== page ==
The two leading candidates for South Korea’s presidential election in March, Lee Jae-myung of the incumbent Democratic party and Yoon Suk-yeol of the conservative People Power party, have both made men’s rights central to their campaigns. They hope to appeal to the growing constituency of outraged men’s groups who vent their frustration at feminist overreach on internet message boards and sometimes even protest on the streets. And this is no fringe community: in a poll in May, more than three-quarters of South Korean men in their twenties claimed they had suffered gender discrimination.
The ostensible provocation for this anger is the outgoing president Moon Jae-in’s self-declared ‘feminist’ administration. The initiatives of the Gender Equality Ministry include start-up loans for female entrepreneurs, incentives to businesses to promote a gender balance on their boards and a pledge to allocate 30 per cent of cabinet posts to women.
All that may seem unremarkable in the ‘progressive’ West, but it jars horribly in still-traditional South Korea. The country has one of the world’s toughest merit-based education systems which puts children through a punishing regime of tests, cram schools and witheringly frank report cards. To go through that hell and learn you could be passed over for a decent job because of your sex has clearly driven some men beyond endurance. And this is in a country where many men feel disadvantaged by their two years of compulsory military service.
Yoon has been the more vociferous of the two candidates. In a recent Facebook post he called for the abolition of the Gender Equality Ministry: his original position was just to reform it. He has also pledged to increase the wages of enlisted soldiers and to undo policies that push preferential treatment for women.
Lee Jae-myung, once dubbed South Korea’s Bernie Sanders, has also criticised the Gender Equality Ministry, accusing it of promoting reverse discrimination and victimising men. He doesn’t go as far as to say he would abolish the ministry; instead he would retain it in a limited form. He is attempting to woo disaffected young men struggling to find work or get a home with promises of universal basic income and a house-building drive. He may need to strengthen his position, though, as Yoon’s uncompromising stance has seen him draw level in a recent poll, and he’s well ahead with young voters. Another recent survey showed 52 per cent of Koreans agree with Yoon about scrapping the ministry.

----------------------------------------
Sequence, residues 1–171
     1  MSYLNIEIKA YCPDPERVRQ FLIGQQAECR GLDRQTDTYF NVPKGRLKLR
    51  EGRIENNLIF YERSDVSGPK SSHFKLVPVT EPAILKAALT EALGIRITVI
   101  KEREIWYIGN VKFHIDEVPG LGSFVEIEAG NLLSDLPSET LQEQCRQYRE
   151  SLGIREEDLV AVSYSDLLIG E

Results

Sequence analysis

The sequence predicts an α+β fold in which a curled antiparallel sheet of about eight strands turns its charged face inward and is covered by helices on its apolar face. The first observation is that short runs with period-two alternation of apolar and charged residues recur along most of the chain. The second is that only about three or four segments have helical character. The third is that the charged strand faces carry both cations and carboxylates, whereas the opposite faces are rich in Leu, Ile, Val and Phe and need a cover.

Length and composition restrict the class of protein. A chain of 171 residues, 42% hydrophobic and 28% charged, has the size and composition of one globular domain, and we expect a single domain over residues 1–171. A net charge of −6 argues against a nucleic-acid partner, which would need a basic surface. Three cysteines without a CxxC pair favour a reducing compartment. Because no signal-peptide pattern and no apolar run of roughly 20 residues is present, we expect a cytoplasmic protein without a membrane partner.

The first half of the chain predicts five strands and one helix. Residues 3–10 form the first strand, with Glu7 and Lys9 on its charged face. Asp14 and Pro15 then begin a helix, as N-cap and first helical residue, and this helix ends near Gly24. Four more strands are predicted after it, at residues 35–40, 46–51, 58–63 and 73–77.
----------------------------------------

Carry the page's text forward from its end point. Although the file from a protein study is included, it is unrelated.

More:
The debate has at times broadened from criticism of an allegedly dysfunctional government department into straightforward anti-feminism. In August, Yoon ascribed the country’s low birth rate to misandry, stating that feminism ‘is so politically abused that it acts as an emotional barrier to healthy relationships between men and women’. In November, Lee shared an anonymous letter from an online community arguing that the ‘madness’ of feminism had to be stopped.
There have been some rather farcical provocations in the media which have increased tensions and show just how febrile the sexism debate has become. TV ads for South Korea’s largest convenience store chain, GS25, the bank group Kakao and the fried chicken outlet Genesis BBQ featured images of cartoon hands with the index finger touching the thumb, the symbol of a formerly powerful radical feminist group (and code, apparently, for a small penis). The companies all withdrew advertising material after public outcry. Even the Seoul police were criticised for featuring the gesture on a road sign.
Then there was a controversy over a joke by a female comedian called Park Na-rae. In a YouTube video she directed the hands of a Stretch Armstrong action figure towards his groin. This absurdly trivial act provoked howls of criticism that a similar joke by a male comedian would not have been tolerated. Park and her agency apologised and shut down her YouTube channel.
There has been a pushback against the pushback. South Korea’s feminist groups have pointed out that South Korea has one of the largest wage gaps of any member of the Organisation for Economic Co-operation and Development and that only 19 per cent of the country’s parliamentary seats are held by women. Not all the presidential candidates are sympathetic either: Sim Sang-jung, of the liberal-left Justice party, called the leading candidates’ masculinist positions ‘dangerous’ and ‘shallow populism’.
Shallow or not, what is clear is that South Korea’s attempt to equalise society at speed has yielded little and enraged, even radicalised, many.
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